His powers also provide the plot device, as you would discover in reading, that makes Mina more useful as well as more dangerous to her party. That she is helpful in a way based on fantasy rather her profession or as an experienced hunter (like Quincey Morris, or Lord Goldaming’s ship experience) could be seen as a particularly Victorian sort of slight based on customarily narrow female roles, though Van Helsing’s role is primarily to convey the author’s research into vampirism---a fantastical, absurd sort of knowledge, however balanced with his competency, as a physician able to conduct four transfusions trying to save Lucy Westenra. However narrow her physical role, and however unfortunate her fleshly invasion, Mina’s mix of vulnerability and courage is reflected in all the protagonists at some point, and her determination to avenge herself and Lucy and stop an nigh-immortal killer provide a much more active role than the females in adventures scribed before. She wins a kind of equality that reflects a Victorian idea of enlightened perception of women. At the same time, she maintains dutiful praise of English men in general (sometimes in an unfavorable, generalized corollary about women), as well as a completely nurturing support and concern for her friends and most of all, this and utmost devotion to her badly-handled husband, a victim, himself, of Dracula’s emasculating cruelty, in which they share as much equality as Stoker can apparently allow. The somewhat-domestic quality of her ability at organization displays some active leadership on her part, as does her eventual insistence on chasing Dracula to Transylvania alongside the group.

Dracula’s criminal nature opens the gateway to license much morbid and extra-legal behavior (breaking into crypts, mutilating corpses) on the part of the protagonists, as well as the unconventional measure of their mixed-gender teamwork. Van Helsing describes the Count as “childish” in his discernment and appreciation of life, in contrast to their more mature ways of thought. For that matter, even, according to eyewitness Harker, the bizarre vampire ladies (the “brides” –though the relationship beyond his primacy among them is not otherwise described in any humanizing terms) criticize him as one who has never loved---emotional availability being encouraged, I suppose, along with the embrace of civilization. These observations are a clue to the dichotomy embraced, contemporary behavior versus medieval. That sort of present enmity with the past, of course, now has a third point of reference: our own, looking back at their preoccupations, looking back at his.

The individual viewpoint, here, is at its most rebellious, but rebellious in counterpoint to dominant, presumably Anglican-centric ideals which win in the end.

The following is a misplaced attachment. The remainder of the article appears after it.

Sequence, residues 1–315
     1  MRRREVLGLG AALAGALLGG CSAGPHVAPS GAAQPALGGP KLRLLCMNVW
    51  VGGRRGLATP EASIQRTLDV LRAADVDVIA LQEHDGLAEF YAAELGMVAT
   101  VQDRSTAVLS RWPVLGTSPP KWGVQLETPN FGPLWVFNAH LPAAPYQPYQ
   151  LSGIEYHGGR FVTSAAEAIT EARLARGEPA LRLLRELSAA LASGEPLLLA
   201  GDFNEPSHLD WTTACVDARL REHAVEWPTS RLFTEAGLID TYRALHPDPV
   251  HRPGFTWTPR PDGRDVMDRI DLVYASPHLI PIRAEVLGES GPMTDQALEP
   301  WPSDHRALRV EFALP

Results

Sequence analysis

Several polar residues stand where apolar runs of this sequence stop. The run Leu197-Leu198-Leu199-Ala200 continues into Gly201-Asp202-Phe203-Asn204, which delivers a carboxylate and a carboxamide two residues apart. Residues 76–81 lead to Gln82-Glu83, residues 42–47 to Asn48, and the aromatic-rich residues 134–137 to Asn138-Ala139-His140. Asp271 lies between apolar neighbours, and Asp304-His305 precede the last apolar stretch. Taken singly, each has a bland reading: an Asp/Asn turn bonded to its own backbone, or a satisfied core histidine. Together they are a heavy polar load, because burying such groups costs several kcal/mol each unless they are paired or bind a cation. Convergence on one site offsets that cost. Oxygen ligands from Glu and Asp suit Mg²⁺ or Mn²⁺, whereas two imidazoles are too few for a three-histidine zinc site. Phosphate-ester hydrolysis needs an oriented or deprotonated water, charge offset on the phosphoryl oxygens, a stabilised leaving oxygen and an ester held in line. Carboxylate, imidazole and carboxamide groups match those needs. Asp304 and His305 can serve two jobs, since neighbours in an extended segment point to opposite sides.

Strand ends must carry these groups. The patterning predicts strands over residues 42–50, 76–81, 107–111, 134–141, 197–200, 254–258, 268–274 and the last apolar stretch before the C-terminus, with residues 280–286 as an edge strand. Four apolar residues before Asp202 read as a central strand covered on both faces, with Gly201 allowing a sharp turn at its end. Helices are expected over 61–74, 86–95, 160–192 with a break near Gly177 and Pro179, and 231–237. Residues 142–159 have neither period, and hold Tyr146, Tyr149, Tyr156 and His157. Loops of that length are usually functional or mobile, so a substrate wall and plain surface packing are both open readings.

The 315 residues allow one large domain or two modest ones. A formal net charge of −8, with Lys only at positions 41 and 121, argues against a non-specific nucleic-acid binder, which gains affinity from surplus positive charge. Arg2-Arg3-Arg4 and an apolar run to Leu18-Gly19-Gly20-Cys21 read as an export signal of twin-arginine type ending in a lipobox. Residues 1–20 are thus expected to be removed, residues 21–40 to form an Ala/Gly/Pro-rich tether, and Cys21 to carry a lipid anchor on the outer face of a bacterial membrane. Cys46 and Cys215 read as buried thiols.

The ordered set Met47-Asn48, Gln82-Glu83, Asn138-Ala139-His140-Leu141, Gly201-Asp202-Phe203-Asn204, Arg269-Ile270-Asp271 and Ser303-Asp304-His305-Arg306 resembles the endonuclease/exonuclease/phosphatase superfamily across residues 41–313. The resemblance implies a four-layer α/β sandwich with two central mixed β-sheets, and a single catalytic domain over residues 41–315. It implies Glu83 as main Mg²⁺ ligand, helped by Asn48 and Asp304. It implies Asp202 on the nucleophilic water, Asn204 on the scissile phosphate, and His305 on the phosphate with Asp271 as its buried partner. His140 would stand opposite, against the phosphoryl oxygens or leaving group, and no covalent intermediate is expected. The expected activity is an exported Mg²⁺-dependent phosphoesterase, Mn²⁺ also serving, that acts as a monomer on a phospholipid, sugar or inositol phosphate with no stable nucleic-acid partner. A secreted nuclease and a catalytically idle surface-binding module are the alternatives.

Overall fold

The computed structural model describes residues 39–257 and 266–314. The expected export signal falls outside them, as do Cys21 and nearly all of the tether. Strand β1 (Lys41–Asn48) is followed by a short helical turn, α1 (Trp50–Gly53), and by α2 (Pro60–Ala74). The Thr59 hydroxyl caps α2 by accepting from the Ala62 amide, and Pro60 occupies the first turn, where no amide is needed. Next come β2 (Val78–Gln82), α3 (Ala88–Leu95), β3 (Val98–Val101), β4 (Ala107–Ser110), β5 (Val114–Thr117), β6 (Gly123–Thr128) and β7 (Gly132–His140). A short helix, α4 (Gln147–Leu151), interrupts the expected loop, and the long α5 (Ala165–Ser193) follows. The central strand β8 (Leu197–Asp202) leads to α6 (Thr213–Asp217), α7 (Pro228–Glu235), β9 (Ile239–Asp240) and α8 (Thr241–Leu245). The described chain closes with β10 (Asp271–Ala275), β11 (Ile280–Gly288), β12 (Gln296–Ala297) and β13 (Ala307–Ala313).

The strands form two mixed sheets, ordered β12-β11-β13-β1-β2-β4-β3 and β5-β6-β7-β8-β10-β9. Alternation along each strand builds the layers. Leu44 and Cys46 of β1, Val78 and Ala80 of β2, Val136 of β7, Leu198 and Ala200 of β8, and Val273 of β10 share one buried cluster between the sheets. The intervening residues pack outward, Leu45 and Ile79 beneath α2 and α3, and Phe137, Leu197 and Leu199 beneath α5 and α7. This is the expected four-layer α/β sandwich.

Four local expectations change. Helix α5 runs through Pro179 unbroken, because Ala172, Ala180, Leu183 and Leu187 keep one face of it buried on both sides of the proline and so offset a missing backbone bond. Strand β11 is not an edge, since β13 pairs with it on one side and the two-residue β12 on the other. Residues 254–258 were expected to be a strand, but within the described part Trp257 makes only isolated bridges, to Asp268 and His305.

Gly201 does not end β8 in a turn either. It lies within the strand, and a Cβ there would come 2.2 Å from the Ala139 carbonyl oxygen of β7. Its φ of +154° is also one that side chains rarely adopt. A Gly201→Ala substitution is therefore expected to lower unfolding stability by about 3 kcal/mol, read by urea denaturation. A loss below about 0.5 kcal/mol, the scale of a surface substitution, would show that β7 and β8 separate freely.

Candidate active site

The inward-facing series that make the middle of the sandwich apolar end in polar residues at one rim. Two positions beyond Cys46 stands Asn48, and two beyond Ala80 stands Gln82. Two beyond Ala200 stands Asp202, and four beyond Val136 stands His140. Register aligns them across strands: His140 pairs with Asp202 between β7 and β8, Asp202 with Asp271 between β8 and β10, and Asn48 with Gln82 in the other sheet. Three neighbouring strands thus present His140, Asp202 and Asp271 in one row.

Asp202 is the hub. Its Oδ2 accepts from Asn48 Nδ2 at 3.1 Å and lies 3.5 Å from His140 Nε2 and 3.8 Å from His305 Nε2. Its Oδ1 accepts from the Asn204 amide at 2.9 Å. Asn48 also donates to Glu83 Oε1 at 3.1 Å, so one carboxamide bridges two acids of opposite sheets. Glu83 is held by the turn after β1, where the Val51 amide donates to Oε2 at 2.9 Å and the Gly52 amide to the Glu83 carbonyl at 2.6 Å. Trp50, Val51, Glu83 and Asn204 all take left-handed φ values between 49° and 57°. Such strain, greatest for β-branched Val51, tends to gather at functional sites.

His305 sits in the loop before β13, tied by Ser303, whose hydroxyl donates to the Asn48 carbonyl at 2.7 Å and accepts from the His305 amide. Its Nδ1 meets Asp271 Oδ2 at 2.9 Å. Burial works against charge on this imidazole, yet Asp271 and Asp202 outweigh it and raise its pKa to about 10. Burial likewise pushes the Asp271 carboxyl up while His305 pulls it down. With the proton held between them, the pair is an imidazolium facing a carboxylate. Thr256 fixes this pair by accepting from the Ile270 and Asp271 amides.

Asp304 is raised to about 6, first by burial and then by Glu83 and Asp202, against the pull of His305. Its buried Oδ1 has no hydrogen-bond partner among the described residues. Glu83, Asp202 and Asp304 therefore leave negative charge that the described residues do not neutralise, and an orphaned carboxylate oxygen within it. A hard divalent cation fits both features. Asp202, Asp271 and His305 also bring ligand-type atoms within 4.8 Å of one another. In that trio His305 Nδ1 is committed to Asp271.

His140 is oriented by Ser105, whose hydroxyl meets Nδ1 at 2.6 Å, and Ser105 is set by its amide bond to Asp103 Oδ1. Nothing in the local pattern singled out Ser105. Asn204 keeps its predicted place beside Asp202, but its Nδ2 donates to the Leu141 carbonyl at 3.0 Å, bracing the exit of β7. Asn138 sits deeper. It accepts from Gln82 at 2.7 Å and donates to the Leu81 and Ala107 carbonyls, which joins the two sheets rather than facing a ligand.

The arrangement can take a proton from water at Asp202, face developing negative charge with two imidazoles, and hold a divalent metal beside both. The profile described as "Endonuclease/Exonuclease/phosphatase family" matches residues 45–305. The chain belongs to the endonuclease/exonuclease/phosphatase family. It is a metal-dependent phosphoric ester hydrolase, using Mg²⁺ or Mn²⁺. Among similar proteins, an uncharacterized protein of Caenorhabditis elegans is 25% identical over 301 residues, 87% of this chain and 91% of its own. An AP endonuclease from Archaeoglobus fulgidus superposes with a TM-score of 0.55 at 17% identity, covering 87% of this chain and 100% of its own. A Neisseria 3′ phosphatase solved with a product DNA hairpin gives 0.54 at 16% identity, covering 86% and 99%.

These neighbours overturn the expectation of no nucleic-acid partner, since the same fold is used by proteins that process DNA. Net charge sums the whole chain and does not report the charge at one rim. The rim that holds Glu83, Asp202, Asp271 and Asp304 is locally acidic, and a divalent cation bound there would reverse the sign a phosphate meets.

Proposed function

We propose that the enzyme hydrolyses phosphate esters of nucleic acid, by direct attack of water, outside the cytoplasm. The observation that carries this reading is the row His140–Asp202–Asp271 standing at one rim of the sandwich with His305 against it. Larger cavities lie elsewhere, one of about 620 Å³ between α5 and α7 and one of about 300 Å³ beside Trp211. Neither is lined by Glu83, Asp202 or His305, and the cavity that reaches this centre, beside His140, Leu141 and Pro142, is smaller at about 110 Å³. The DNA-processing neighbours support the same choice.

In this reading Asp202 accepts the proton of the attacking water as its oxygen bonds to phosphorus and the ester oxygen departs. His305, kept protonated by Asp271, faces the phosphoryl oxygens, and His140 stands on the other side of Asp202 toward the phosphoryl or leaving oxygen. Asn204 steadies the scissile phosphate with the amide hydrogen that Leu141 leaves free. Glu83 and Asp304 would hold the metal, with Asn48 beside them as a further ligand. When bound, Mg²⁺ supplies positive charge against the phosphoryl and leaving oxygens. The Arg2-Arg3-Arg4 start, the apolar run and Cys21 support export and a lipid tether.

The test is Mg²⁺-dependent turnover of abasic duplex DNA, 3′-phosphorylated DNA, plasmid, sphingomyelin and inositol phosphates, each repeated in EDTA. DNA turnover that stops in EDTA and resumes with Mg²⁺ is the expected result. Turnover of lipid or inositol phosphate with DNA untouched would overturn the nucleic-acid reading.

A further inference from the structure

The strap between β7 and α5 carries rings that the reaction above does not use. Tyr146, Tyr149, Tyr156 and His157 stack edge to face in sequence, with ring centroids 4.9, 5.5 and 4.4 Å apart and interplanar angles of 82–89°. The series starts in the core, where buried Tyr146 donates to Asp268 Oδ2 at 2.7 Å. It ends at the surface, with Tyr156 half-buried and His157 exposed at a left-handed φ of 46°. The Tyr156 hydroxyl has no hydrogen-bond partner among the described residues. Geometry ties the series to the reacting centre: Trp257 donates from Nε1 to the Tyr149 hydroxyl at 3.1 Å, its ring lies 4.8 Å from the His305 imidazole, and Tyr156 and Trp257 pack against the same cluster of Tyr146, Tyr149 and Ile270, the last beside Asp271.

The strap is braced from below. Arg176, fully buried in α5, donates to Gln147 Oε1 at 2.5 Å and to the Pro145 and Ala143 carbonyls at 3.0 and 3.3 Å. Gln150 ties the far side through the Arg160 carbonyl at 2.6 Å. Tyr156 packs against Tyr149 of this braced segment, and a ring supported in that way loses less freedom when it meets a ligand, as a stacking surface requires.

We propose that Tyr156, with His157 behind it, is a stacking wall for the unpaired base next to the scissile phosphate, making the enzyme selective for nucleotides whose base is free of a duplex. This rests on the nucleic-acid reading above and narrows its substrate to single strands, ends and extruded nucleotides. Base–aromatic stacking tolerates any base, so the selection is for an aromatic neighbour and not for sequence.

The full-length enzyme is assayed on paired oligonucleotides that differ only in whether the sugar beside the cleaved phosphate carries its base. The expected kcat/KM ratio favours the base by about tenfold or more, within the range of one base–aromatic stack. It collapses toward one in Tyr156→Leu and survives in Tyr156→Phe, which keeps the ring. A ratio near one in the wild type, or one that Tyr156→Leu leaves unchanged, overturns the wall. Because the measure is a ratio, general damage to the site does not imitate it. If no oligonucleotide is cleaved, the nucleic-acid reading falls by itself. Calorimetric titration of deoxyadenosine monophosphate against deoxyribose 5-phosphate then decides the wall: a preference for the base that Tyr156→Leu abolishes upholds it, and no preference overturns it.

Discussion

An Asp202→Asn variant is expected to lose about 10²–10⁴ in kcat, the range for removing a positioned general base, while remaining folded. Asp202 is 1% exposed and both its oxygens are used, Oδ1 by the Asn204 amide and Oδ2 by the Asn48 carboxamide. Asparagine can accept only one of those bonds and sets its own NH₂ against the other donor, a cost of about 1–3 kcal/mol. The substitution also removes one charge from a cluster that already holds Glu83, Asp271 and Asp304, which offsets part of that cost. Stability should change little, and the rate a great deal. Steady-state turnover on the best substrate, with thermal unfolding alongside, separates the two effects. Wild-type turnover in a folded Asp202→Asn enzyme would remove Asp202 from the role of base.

Primarily he is read as a Freudian doppelganger for sexual norms, but while we are not afforded Dracula’s diary (addressed later by Marv Wolfman in Tomb of Dracula and Dracula Lives), nor much of his voice, Dracula’s nocturnal life clashes with quotidian commercial and social customs, and his complete divorce with society (here he doesn’t trifle with much guise as a typical travelling nobleman to lurk as a monster) punctuates his trangessive spiritual existence, as well. (One might also surmise a polygamous nature with his three white ladies haunting Castle Dracula).

His silence in the narrative underscores how he is not afforded the eloquent status of Milton’s Lucifer, though he does maintain an unvoiced Byronic heroism in his lonely survival. His raw cunning is paired with a courage outlined by Van Helsing (the foreigner, though more similar in culture), who regards Dracula’s audacious planning and preparatory learning, to engage English customs, to invade, if you will, a foreign land. As he is said to be able to repose for years on end, he’s actually leaping into another time and set of rules, without a genuine, loyal friend.

Stoker paints the antagonist as so ideally evil, so out-of-step with norms---he is not seen to eat or drink in the weeks of his early companionship at Castle Dracula---as to justify the extraordinary lengths required to, frankly, murder a unique and sentient being. It is only acquitted in Stoker’s narrative by the observation of the vampire’s destruction returning the body again to God’s plans rather than Satan’s, and it is not hard to gain insight into how obedience to authority, as in the Milgran experiments, can, through persuasion, allow us to embrace behaviors to which we are empathetically averse.

The potentials for such insights, to me, elevate this prototypical supernatural crime thriller beyond a pot-boiler adventure yarn. A contemporary master of both adventure and mystery, Sir Arthur Conan Doyle, congratulated Stoker on the best tale of its sort he’d read in many a year.
Next: Dracula, Black Magician